controlling the quantity of said organic metal raw material gas to be supplied to said growth chamber depending on said partial pressure of said organic metal raw material gas in said growth chamber.
2. The chemical vapor deposition method as claimed in claim 1, wherein
said plasma of said inert gas in said plasma chamber is generated by employing an ECR as a plasma generating source.
3. The chemical vapor deposition method as claimed in claim 1, wherein
said plasma of said inert gas in said plasma chamber is generated by employing an inductively coupled high frequency plasma source as a plasma generating source.
4. The chemical vapor deposition method as claimed in claim 1, wherein
said plasma of said inert gas in said plasma chamber has a temperature to selectively ionize said metal in said organic metal raw material gas.
5. The chemical vapor deposition method as claimed in claim 1, wherein
said partial pressure of said organic metal gas in said growth chamber is determined by said partial pressure of said organic metal gas in said plasma chamber that is dependent on said emission intensity.
6. The chemical vapor deposition method as claimed in claim 1, wherein
said plasma chamber is connected to said growth chamber through an orifice, said plasma chamber is subjected to an air exhaustion, and an air exhaustion speed for said plasma chamber is different from an air exhaustion speed for said growth chamber.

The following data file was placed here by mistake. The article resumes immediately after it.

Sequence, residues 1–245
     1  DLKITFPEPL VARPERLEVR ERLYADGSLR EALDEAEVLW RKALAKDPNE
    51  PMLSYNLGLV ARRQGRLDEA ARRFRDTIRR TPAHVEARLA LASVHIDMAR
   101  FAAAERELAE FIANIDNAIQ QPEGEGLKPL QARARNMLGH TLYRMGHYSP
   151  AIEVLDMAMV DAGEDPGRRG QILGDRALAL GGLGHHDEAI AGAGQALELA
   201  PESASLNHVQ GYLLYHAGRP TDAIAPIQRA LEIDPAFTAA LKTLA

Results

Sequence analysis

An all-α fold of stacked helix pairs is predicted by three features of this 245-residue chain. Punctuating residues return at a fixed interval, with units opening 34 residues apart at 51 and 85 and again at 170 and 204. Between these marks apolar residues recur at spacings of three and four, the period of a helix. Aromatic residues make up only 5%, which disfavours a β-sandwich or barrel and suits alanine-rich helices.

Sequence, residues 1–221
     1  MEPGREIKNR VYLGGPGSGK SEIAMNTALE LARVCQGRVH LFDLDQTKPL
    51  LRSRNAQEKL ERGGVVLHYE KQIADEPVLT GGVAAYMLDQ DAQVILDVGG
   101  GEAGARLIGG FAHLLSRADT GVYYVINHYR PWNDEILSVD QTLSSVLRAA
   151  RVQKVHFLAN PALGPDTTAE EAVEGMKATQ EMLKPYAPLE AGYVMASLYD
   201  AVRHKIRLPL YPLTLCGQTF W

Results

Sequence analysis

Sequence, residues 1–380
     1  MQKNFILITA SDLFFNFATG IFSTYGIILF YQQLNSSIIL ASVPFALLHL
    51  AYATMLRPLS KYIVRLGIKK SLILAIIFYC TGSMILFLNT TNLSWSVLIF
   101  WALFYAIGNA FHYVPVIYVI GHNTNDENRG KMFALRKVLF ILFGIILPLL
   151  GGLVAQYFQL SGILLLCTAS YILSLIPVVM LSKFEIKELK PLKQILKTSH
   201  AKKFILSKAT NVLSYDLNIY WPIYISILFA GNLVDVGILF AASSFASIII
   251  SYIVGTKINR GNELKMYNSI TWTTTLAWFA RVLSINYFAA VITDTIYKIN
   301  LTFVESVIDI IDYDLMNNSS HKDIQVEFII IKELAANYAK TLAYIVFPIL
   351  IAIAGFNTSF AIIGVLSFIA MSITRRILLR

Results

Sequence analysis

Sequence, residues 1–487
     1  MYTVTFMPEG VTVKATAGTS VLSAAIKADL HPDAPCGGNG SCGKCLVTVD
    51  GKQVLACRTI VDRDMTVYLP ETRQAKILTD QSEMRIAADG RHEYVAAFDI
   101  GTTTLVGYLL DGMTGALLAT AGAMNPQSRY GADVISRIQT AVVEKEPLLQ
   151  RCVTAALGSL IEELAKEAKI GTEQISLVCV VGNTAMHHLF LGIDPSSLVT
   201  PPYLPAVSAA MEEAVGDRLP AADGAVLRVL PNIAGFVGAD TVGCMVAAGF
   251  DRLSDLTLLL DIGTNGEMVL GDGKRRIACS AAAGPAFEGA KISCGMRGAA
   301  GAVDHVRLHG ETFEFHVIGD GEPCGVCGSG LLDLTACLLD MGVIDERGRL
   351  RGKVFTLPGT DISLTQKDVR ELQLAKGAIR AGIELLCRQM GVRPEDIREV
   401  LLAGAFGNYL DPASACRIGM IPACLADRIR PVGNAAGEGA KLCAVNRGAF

7. A chemical vapor deposition method comprising:
supplying an organic metal raw material gas comprising a plurality of organic metal raw materials to a vapor phase growth chamber to form an organic metal film on a substrate in a vapor phase;
mixing a part of said plurality of organic metal raw materials supplied to said growth chamber with inert gas in a plasma chamber which is connected to said growth chamber;
monitoring a partial pressure of each of said plurality of organic metal raw materials in said growth chamber depending on each emission intensity of light characteristic of each metal in said plurality of organic metal raw materials, respectively, said light being emitted from said plurality of organic metal raw materials being excited with a plasma of said inert gas in said plasma chamber; and